Guest Post by Mary Simonsen
Upcoming Guest Posts Are As Follows:
March 17--Jennifer Hickling (michchick)
March 20--Jan Hahn (release of The Journey)
March 23--Jeane Alvarez (P&P2005 blog)
March 27--Lucy S.
March 30--Elizabeth Kantor
April 3--Bonnie Carlson
April 6--China Fuentes-Montero
April 10--Matt Duffy
April 13--Regina Jeffers
April 17--Elizabeth Ashton
April 20--Susan Mason-Milks
April 24--Lynne Robson
April 27--Veronica (Dark Jane Austen Book Club)
May 1--Jane Vivash and Matthew MacFadyen
May 4--Susan Adriani
May 8--Annette W.
May 11--Beth Massey
May 15--Erlynn K
May 18--Rebecca Thumann (release of Longbourn State of Mind)
May 22--Kara Louise
June 5--Sharon Lathan
And Many more to come!
Comments on Mary's post will be entered into the monthly give away here at Darcyholic Diversions. Mary is providing a copy of The Perfect Bride for Mr. Darcy. Entries will be based on comments on blog posts; but additional chances will be given for joining this site, tweeting this post,
Our hostess has asked that I write about when I first fell in love with the novels of Jane Austen. The answer is a very long time ago. In fact, it was 1969 during my senior year high school English class in North Jersey, a time when yearbook pictures were in black and white, a wide-screen television was twenty-five inches, and gasoline cost .27 a gallon.
Authors of an Austen re-imagining come to write their novels by different paths. My journey involved a good deal of limping. While waiting for my insurance company to sign off on a total knee replacement, I became bored and asked myself, “What am I going to do with all this time on my hands?” The answer: write a three-generation novel with a tie-in to Pride and Prejudice and set it in post-World War II England.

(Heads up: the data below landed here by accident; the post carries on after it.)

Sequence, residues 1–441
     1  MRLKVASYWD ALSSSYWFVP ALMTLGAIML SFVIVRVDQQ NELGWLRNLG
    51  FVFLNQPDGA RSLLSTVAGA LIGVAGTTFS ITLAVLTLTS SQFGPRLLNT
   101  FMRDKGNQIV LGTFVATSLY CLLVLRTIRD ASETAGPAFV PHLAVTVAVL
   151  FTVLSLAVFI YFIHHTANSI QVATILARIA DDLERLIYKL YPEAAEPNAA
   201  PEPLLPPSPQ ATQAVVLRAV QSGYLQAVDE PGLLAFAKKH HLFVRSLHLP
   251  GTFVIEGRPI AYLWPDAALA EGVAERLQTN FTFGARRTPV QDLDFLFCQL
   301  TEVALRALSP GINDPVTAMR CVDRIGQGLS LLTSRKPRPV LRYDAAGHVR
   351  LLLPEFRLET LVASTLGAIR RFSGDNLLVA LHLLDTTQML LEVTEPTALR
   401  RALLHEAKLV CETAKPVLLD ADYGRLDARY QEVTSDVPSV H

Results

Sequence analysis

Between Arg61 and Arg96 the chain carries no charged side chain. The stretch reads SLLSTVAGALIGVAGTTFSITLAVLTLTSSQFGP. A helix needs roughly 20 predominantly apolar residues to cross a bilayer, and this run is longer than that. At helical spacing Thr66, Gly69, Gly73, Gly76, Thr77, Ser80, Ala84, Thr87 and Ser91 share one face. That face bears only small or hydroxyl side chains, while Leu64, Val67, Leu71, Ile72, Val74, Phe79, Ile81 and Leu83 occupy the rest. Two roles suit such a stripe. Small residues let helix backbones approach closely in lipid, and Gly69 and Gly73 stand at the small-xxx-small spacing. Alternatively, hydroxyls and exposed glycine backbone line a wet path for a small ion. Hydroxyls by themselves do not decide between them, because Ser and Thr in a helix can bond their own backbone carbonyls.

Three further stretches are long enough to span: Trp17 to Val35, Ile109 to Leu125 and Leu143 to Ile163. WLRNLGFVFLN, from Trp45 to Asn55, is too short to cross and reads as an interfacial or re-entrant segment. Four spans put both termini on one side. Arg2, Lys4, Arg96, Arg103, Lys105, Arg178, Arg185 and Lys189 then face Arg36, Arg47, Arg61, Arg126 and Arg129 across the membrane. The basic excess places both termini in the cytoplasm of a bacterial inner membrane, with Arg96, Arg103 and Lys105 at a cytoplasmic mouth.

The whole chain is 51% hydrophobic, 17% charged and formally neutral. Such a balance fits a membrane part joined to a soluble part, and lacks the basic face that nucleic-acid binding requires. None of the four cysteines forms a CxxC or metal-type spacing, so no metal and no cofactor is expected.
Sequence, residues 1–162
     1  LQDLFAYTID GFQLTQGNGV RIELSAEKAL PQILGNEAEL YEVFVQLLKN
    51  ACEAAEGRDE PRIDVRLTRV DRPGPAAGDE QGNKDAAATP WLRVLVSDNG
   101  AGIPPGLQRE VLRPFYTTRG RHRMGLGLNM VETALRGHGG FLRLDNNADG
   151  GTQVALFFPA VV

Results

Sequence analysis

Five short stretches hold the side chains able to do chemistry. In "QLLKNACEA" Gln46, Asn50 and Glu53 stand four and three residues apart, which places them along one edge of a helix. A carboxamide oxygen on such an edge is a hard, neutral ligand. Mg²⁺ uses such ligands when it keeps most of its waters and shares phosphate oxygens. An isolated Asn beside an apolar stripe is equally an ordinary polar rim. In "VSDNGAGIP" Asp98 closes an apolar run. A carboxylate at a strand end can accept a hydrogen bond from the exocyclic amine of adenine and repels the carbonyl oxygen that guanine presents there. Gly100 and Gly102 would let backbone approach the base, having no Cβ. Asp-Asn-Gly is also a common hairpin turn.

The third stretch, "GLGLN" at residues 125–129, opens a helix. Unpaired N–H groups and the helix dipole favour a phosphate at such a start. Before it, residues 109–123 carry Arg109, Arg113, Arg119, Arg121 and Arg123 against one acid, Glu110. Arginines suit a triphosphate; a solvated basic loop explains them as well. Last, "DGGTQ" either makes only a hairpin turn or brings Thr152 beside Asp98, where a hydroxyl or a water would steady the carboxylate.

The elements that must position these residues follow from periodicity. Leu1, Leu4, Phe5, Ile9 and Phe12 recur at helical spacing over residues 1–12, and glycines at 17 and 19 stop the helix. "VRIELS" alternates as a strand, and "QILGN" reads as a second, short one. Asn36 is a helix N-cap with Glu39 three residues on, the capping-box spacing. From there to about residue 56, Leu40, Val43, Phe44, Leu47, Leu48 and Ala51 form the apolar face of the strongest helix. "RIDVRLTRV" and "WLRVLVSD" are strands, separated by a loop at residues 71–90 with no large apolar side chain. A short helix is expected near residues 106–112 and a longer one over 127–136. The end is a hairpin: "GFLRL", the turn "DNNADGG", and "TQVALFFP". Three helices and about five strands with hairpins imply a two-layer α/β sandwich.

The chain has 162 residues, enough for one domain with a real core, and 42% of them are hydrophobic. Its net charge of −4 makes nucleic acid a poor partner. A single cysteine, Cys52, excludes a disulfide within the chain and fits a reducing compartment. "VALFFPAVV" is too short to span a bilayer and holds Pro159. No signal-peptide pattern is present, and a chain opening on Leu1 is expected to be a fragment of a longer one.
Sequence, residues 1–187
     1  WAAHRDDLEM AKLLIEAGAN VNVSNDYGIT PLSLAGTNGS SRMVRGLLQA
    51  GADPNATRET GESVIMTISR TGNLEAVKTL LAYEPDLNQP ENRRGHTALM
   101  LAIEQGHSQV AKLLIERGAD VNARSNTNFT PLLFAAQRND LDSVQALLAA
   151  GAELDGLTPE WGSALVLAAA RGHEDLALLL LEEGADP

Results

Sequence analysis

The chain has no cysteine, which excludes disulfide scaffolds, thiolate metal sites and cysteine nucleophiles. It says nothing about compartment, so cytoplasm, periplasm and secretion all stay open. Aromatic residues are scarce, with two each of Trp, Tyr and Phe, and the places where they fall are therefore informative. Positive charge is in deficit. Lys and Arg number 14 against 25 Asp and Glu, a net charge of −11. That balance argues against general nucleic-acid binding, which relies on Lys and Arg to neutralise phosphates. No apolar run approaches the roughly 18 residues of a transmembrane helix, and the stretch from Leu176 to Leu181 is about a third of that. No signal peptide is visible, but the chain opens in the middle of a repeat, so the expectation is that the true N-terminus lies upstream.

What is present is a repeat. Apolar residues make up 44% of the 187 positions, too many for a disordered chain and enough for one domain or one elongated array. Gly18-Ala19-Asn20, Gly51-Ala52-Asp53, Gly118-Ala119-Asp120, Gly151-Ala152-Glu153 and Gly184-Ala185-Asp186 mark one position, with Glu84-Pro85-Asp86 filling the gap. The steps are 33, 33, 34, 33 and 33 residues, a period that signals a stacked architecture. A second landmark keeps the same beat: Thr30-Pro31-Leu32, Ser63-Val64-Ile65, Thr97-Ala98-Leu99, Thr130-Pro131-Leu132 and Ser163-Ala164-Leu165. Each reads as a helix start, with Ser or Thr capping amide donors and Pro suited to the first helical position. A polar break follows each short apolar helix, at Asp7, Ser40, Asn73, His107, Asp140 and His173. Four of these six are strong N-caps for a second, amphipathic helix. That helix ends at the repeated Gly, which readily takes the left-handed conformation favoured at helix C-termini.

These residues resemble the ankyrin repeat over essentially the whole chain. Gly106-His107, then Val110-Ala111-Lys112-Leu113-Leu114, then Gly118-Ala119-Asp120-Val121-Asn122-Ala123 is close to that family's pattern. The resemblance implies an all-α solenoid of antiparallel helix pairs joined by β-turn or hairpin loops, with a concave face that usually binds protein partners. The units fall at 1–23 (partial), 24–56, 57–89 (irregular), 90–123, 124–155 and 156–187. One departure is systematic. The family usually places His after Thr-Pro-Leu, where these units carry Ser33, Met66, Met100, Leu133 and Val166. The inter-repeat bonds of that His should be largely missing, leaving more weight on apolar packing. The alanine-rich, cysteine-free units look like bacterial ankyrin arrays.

After much reworking, Searching for Pemberley came out in December 2009. By that time, I was an Austen fan-fiction addict and a writing fool and had written two additional novels, The Perfect Bride for Mr. Darcy and A Wife for Mr. Darcy. A fourth novel, involving Mr. Darcy as a werewolf, followed in October 2011.
Why Austen? More specifically, why Pride and Prejudice? For me, it is Jane Austen’s brilliant use of language that keeps me reading her books and watching the various adaptations. How many authors have the talent to draw you in with the first sentence and hold you enthralled for hundreds of pages? Who else inspires so many writers, young and old, to try their hands at penning something they hope will compliment the master’s body of work? Why write Pride and Prejudice re-imaginings? Because in my mind, I get to be Elizabeth Bennet: strong, confident, practical, and, eventually, Mrs. Fitzwilliam Darcy. It doesn’t get any better than that.
Other works by Mary Simonsen: Becoming Elizabeth Darcy; Darcy on the Hudson; For All the Wrong Reasons; Mr. Darcy’s Angel of Mercy; A Walk in the Meadows at Rosings Park; Captain Wentworth Home from the Sea; Anne Elliot, A New Beginning; and The Second Date, Love Italian-American Style.